My production partner Anne Bogart and I stumbled across this story of an unlikely community of women living in the shadow of Chernobyl while filming for the PBS series Globe Trekker in 2010. We knew immediately that we were witnessing an important story that was vanishing.
“The Babushkas of Chernobyl” is about an extraordinary group of women who live in Chernobyl’s post-nuclear disaster “Zone of Alienation” or “Dead Zone.” For more than 25 years they have survived – and even, oddly, thrived – on some of the most contaminated land on earth. Are they sick? Are they crazy? How do they protect themselves against the wild animals that have returned to prowl the forests around Chernobyl? Do they weigh the relative risks of isolation and radiation – knowing that even now the crumbling cement cover over reactor #4 could collapse at any time? How have they maintained their fiery spirit having lived through the worst atrocities of the 20th century (Stalin, Hitler, and Chernobyl). These are the questions we wanted the answers to when we began this project.
I went back to Chernobyl at the end of 2010 to write an in-depth print piece on the babushkas for More magazine. I'm now versed at moving between print and film/television - but it's a skill I've learned over time. The deep digging and deep thinking it took to write that article really set a strong foundation for making the documentary. By the time my co-director/producer Anne Bogart and I set out to do the doc, we were, as they say, loaded for Bear. This put us way ahead of the game when it came to filming under difficult circumstances (radiation and bureaucratic regulations make this a tricky doc to produce.) When it comes to making a documentary, a filmmaker often finds the story in large part after the film is shot. I think that by understanding the big issues and knowing the characters beforehand, we were able to hit the ground running.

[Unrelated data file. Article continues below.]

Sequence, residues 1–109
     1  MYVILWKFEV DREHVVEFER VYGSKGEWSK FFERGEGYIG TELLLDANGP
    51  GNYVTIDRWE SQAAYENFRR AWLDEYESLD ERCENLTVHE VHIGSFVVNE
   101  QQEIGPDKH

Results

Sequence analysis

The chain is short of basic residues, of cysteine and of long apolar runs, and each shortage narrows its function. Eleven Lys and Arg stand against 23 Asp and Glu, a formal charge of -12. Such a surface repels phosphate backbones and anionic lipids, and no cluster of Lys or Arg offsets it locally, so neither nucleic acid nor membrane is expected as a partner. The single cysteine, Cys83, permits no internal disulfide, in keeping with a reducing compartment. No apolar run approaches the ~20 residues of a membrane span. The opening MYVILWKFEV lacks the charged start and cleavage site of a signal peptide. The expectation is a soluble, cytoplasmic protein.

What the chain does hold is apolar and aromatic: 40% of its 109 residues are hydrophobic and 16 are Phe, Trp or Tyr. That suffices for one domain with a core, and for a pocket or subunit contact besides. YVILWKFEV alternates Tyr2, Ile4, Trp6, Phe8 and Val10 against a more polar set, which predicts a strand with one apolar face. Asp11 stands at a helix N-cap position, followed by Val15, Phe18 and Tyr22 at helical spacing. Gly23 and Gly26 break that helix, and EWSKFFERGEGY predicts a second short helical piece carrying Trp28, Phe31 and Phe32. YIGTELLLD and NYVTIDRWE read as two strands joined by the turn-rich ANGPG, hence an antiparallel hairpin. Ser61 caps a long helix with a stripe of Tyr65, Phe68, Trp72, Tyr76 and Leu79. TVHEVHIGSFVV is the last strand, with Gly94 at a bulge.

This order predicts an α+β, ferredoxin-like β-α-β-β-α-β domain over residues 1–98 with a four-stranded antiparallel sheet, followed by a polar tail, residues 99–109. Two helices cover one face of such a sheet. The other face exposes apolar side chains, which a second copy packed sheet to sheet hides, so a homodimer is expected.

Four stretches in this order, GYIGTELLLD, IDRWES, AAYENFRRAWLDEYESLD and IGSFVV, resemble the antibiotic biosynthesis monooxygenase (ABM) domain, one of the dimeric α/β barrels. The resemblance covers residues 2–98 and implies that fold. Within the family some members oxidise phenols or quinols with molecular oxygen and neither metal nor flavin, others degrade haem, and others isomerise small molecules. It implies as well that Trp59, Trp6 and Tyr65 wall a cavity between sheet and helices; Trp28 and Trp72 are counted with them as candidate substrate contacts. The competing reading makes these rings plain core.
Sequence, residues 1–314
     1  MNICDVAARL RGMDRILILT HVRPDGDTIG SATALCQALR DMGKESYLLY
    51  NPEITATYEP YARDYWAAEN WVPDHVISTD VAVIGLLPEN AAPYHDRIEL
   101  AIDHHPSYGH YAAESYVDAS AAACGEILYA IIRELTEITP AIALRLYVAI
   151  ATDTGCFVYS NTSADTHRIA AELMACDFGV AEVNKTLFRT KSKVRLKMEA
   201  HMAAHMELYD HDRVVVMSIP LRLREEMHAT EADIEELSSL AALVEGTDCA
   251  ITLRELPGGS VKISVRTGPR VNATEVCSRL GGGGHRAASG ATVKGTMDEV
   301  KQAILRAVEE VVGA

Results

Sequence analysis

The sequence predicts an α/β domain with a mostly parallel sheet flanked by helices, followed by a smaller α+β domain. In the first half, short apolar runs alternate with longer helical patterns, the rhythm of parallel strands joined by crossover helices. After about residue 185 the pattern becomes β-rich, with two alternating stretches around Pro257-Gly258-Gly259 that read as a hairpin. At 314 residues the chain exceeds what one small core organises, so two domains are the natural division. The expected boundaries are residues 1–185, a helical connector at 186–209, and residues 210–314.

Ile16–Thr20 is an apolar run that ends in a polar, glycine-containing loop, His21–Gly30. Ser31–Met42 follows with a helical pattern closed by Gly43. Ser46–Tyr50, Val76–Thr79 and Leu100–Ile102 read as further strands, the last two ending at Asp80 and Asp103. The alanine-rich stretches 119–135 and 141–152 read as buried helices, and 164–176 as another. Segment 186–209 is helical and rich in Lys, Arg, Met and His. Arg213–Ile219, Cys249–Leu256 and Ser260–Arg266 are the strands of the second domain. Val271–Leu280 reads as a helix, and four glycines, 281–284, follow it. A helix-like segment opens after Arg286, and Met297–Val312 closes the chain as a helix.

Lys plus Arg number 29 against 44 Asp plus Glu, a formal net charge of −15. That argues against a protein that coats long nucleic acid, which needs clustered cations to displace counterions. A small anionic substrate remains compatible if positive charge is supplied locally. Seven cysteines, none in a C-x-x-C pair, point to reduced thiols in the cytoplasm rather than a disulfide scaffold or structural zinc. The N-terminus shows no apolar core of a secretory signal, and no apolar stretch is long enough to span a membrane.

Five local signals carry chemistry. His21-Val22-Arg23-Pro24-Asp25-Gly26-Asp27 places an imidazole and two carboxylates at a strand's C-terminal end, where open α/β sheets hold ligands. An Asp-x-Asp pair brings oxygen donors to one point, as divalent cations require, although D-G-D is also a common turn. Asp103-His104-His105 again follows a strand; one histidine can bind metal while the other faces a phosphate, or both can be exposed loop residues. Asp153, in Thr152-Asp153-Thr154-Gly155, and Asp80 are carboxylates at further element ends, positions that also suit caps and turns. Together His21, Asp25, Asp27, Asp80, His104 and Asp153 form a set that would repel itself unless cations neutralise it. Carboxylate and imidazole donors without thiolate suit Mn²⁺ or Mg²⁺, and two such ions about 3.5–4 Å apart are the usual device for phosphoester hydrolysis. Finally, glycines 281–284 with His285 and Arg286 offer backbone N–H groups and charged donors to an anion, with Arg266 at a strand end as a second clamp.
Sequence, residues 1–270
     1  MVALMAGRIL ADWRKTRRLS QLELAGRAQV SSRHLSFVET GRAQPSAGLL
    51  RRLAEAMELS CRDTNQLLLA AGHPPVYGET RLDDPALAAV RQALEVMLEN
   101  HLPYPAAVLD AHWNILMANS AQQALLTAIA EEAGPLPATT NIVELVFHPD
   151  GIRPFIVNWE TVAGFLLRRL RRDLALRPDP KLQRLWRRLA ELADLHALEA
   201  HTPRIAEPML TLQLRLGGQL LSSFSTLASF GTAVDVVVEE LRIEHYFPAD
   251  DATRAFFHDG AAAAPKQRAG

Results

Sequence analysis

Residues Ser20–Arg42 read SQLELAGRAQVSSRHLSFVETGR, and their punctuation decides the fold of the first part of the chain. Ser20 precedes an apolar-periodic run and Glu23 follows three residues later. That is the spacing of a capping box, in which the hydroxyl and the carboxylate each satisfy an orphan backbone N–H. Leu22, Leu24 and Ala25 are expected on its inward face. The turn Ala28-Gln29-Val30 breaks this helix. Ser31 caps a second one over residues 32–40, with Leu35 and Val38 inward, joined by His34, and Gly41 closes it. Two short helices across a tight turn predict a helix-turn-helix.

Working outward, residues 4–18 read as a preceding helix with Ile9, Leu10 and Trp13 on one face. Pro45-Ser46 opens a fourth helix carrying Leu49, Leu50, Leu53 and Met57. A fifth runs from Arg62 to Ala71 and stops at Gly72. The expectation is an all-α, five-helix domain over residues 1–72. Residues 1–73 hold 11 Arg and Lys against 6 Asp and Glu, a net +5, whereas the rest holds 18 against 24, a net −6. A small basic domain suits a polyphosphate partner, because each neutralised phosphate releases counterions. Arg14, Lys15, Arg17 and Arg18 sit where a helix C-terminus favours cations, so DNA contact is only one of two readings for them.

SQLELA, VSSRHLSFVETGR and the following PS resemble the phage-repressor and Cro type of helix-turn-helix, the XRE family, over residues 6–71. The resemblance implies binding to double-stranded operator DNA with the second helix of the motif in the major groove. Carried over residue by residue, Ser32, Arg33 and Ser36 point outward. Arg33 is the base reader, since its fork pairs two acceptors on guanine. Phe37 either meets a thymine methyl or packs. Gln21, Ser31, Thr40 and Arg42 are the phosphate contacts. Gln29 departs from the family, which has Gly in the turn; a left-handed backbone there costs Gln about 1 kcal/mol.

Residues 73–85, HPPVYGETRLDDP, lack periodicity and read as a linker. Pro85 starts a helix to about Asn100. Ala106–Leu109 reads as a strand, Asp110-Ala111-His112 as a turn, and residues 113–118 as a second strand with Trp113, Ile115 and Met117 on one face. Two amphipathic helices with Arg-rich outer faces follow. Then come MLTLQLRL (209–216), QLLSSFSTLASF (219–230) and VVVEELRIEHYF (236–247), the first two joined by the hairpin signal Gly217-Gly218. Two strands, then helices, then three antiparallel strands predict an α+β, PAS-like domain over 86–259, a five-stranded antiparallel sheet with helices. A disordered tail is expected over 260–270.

As with all independent writing and film, funding is a challenge that requires as much creativity as the project at hand. “The Babushkas of Chernobyl” is an underdog story – it’s about a community of old ladies standing their ground on the most contaminated land on earth! – but of course this spirit, in the bizarre context of Chernobyl's “Dead Zone,” is what makes it so important and interesting. These are incredible voices that are a whisper away from vanishing. We’re determined to preserve them.
We've got just days left in our Kickstarter campaign, which will fund our capturing and honoring the story of these women. If you share our passion for this story and want to join the effort please have a look here – http://kck.st/OeaH9J – and spread the word via FB, Twitter and more!
[Photo credit: Japhet Weeks]